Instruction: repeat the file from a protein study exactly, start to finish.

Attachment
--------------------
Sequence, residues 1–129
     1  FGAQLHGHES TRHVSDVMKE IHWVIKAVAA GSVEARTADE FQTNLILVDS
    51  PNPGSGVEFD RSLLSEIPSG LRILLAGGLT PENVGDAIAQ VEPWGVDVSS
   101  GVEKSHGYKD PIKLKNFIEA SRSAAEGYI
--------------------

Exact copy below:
Sequence, residues 1–129
     1  FGAQLHGHES TRHVSDVMKE IHWVIKAVAA GSVEARTADE FQTNLILVDS
    51  PNPGSGVEFD RSLLSEIPSG LRILLAGGLT PENVGDAIAQ VEPWGVDVSS
   101  GVEKSHGYKD PIKLKNFIEA SRSAAEGYI